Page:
Worker's Unions - What had been achieved by 1914?
- At the end of the nineteenth century there 500,000 trade union members. 1910 - over 2,000,000 and by 1920 there were 5,000,000 members.
- However, these members still only represented 20% of the non-agricultural workforce. There were still specific industries that had no union representation, especially the newer ones; steel, textiles and the automobile industries.
- The gaining of worker's rights were made by negotiations and agreements by unrecognised unions with employers, of which were too focused on profit margins and were very suspicious of the unions as they had been disruptive and violent in the past.
- There were still divisions in the working communities themselves between the skilled and unskilled, native born white workes and immigrant and African American, this made it harder to form unions and acquire organisation and leadership that could gain them better wages and better working conditions.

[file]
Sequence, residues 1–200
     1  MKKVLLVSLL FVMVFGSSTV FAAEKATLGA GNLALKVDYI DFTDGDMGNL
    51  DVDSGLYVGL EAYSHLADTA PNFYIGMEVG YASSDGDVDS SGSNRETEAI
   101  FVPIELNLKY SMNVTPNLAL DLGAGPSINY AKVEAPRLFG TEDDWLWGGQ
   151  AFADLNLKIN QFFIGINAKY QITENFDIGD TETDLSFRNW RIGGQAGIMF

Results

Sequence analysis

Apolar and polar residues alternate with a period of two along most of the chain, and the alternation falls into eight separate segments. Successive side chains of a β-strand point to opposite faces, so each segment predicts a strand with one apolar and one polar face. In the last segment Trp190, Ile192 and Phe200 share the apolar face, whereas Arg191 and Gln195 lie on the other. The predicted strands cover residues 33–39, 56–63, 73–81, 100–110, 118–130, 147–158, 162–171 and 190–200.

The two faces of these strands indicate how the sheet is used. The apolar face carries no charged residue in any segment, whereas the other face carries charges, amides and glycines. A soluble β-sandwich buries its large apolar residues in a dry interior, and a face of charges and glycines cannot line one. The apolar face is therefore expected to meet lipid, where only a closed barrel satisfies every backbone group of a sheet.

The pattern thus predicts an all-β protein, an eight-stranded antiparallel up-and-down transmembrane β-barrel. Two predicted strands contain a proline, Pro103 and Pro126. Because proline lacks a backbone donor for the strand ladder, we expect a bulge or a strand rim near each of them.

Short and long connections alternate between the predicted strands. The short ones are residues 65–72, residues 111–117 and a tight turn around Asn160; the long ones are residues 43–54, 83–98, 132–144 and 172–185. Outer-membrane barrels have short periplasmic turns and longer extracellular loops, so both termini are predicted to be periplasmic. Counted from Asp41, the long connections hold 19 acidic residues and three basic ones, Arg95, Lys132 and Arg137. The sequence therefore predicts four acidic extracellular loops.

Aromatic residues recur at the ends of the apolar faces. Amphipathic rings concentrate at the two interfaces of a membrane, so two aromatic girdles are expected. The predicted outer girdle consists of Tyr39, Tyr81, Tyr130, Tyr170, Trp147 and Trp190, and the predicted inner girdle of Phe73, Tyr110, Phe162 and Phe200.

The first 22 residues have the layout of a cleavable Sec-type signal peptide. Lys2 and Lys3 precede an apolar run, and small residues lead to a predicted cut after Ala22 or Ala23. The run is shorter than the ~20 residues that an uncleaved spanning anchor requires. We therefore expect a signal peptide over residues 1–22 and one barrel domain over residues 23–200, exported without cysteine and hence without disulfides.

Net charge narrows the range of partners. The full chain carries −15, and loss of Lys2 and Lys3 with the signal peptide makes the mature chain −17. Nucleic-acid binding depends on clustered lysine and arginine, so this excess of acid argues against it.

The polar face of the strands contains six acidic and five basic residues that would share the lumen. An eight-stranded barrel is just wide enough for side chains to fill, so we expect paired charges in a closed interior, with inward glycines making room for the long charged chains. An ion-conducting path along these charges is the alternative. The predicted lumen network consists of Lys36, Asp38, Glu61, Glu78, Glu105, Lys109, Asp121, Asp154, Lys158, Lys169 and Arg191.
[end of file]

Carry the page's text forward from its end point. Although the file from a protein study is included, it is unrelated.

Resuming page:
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- Increased employer attacks on labour such as those shown in the Homestead strike meant the AFL had to seek reform through politics rather than strikes.
- The AFL became increasingly involved in Congressional as well as local elections.
- Gompers urged support for Woodrow Wilson(d) in 1912 and achieved some success after wards as when Wilson was elected he introduced a new Department of Labour. Furthermore, the Clayton Anti-Trust ACT limited the use of court injunctions from employers, provided that there was no damaged property, this allowed peaceful strikes to take place.
- Whilst some progress had been made for worker's rights, these successes were only limited towards the white, male worker and did little for immigrants, African Americans, Native Americans and female workers
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